A farmer in Khaeng Hang Maew district of Chanthaburi province has finally found a humane way to keep the hungry jumbos away without harming them – a beehive fence.
CHANTHABURI, Kyodo News – After years of crop and house damage caused by wild elephants in Khaeng Hang Maew district of Chanthaburi province, a local farmer finally found a humane way to keep the hungry jumbos away without harming them – a beehive fence.
The idea of using beehive boxes to protect her crops and house still delights Dararat Sirimaha, a rubber tapper, who earlier achieved little success in preventing the elephants from rampaging through her farmlands.
She had to abandon large parts of her tapioca farm after it was destroyed by the elephants, eventually converting it into a rubber plantation early last year.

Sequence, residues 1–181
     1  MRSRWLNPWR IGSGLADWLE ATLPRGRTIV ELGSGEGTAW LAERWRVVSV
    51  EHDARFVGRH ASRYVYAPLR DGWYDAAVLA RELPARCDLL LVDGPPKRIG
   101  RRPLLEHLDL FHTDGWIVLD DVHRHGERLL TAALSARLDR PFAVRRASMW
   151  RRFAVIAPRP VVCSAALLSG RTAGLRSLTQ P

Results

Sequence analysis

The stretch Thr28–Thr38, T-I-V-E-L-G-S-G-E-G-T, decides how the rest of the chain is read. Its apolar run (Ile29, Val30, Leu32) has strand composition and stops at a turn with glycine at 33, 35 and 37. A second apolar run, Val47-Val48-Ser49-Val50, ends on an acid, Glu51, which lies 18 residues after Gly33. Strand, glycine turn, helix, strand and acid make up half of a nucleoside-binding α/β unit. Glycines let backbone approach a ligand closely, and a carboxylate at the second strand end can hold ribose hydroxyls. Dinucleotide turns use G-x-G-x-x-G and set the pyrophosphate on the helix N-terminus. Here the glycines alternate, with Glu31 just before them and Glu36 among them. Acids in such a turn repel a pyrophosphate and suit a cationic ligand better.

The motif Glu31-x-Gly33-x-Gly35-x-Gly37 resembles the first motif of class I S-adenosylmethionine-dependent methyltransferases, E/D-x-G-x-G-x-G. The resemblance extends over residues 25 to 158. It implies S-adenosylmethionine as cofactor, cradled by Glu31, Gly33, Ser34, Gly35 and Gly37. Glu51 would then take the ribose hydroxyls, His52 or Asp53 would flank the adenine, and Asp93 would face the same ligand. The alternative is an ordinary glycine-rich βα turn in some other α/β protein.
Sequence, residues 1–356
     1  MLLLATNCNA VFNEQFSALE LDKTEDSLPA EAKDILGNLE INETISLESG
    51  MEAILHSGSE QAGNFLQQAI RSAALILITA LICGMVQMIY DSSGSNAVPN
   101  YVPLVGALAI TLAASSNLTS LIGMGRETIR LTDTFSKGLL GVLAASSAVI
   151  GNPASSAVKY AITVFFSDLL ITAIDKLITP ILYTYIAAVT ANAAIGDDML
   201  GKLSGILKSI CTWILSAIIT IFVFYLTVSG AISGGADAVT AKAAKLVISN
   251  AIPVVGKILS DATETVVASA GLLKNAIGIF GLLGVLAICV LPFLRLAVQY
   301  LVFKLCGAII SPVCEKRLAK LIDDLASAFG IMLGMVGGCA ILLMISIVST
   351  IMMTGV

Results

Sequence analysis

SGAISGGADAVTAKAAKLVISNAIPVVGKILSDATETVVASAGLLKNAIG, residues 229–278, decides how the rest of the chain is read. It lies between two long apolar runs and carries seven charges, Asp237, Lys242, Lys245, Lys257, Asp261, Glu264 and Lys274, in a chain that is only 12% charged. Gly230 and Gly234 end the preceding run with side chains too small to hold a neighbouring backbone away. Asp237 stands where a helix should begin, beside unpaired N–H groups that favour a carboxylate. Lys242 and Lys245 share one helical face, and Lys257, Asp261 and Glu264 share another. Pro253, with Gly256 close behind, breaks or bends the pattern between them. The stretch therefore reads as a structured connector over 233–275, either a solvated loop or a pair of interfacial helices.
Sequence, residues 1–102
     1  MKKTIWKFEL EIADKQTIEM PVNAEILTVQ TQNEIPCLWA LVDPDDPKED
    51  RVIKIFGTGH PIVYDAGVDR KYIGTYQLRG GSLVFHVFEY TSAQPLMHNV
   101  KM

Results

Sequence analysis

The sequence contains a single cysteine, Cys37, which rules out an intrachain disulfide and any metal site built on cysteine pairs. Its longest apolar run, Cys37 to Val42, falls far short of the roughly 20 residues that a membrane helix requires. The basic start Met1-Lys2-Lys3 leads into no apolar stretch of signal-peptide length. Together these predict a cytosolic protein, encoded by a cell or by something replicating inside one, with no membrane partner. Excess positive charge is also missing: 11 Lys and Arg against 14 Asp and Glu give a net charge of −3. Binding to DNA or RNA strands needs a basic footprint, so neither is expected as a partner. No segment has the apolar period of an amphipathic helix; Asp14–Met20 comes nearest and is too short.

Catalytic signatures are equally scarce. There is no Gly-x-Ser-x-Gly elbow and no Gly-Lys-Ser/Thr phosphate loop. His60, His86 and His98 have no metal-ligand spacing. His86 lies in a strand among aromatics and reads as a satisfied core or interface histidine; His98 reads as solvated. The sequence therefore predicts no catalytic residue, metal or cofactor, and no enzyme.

She also cut down her banana trees, which elephants feast on, but still remained hopeless.
Confrontation between the local residents and the elephants goes back a decade, but her patience ran out when the elephants attacked her house and injured her father one night.
"It was very scary when 10 elephants surrounded our house and roared," the 37-year-old farmer recalled.
Despite the community's efforts to scare the elephants away by setting off firecrackers, digging a canal and even building a concrete wall, nothing was able to stop the pachyderms from wiping out their crops.
On hearing about the great success of using bees to deter elephants in Africa from the village headman, Ms Dararat had no other alternative but to try the new measure.
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